February 19, 2010
One of my passions is related to what happens when two of my passions fuse together: art and social justice. I thought I’d share some justice-related poems, and ask you to share some of yours – artists (whether poets, musicians, painters, actors, dancers, or others) that inspire you, or movements for change you know of, in a social-justice-kind-of-way.
February is Black History Month, so I’ll share two poems of the great Langston Hughes (b. February 1, 1902 – d. May 22, 1967). A poet, novelist, playwright, short story writer, and columnist, Hughes was one of the earliest innovators of a new literary art form: jazz poetry. The poems that follow reflect justice issues of his day. Read More
November 18, 2009
I’ve been hearing a lot about collaborative art projects, including some that are happening right now in Boston (the location of one of IISC’s two offices). So wanted to write about one amazing project happening right now. Thanks to my neighbor Judith Leemann, I heard about a collaborative art project Mel Chin and Operation Paydirt have been creating to make safe lead-contaminated soil in the US.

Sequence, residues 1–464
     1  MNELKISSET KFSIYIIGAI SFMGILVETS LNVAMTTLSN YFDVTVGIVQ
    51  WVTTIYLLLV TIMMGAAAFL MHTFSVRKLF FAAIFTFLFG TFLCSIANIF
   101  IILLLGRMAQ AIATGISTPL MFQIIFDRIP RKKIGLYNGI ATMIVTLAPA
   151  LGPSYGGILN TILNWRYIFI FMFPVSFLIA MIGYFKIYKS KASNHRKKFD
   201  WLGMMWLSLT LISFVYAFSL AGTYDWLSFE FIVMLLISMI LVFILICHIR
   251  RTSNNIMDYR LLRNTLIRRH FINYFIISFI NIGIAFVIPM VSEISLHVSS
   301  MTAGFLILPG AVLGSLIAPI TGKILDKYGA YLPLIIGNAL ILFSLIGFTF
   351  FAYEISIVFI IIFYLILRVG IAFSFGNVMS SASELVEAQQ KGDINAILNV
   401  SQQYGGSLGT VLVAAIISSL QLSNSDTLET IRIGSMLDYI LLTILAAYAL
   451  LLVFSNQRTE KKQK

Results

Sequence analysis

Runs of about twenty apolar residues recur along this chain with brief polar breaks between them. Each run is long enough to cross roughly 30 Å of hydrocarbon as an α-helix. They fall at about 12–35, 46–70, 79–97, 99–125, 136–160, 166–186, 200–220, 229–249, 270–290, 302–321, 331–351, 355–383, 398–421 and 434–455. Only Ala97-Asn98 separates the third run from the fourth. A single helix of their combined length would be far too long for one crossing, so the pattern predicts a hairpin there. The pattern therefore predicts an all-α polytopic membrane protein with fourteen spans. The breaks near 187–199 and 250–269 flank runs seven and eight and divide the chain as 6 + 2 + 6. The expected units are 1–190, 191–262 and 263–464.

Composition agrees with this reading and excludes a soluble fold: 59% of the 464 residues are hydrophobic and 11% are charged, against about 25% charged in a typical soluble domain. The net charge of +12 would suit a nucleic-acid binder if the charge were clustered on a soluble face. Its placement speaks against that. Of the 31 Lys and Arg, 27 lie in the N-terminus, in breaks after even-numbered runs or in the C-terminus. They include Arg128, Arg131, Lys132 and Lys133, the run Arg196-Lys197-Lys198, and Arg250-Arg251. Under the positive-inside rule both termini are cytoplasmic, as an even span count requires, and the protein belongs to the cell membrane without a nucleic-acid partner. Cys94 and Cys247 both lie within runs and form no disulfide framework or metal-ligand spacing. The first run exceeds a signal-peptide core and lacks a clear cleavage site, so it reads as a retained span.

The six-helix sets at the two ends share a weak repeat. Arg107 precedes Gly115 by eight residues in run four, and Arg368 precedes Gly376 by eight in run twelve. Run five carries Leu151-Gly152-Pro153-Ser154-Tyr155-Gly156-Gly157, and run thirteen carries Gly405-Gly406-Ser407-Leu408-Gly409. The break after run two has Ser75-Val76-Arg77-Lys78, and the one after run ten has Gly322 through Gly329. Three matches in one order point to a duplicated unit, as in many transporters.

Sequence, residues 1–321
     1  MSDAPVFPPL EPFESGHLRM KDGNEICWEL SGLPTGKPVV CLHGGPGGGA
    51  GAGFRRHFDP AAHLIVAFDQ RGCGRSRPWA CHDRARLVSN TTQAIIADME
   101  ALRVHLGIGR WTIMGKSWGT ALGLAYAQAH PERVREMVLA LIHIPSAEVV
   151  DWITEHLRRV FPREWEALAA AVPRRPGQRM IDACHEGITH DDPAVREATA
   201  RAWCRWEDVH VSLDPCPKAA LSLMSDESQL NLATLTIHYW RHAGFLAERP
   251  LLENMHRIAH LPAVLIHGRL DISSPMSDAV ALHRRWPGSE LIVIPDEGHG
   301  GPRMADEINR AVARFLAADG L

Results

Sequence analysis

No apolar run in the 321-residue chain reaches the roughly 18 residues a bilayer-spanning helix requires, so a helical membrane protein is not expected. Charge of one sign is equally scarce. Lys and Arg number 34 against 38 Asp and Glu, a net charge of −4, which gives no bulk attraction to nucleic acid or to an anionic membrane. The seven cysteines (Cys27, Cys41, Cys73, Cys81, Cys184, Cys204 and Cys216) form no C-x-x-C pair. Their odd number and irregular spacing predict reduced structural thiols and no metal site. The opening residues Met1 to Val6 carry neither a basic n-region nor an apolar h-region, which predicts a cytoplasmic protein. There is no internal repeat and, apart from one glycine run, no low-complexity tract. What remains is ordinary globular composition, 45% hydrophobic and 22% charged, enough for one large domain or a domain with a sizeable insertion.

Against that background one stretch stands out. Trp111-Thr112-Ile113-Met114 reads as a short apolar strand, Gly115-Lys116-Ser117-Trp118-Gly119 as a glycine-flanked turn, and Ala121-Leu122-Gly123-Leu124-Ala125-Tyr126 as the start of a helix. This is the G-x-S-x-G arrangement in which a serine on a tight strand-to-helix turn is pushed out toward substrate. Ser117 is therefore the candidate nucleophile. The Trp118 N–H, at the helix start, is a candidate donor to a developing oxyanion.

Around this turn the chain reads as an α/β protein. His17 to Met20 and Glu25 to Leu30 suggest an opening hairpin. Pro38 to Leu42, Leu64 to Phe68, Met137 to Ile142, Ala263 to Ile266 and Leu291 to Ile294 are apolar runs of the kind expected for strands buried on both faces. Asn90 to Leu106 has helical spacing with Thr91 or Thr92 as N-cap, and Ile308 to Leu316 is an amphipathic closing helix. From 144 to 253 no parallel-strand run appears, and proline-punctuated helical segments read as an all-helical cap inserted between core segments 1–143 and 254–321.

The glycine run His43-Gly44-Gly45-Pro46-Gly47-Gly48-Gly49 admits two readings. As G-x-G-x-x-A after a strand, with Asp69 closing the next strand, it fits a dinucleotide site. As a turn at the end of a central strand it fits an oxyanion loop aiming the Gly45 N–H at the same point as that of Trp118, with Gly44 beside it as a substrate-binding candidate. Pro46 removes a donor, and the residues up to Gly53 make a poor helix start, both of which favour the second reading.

Upon hearing that 86,000 properties in New Orleans are estimated to have unsafe lead contamination – and at least 30% of inner city children are affected with lead poisoning, Mel Chin started working. He learned that it would take $300 million to remediate the soil in New Orleans. Thinking he couldn’t raise that kind of money, he decided to make $300 million through a collaborative art project called Fundred, take it to the US Congress and ask for funding to remediate the soil. And so he has created Fundred, through which Operation Paydirt created blank templates for Fundred dollar bills. People are designing their own Fundred Dollar Bills, mailing them to Collection Centers to be counted and securely held – and they are then being taken by a special armored car to Congress, who is being asked to do an even exchange for funding to remediate the soil in New Orleans.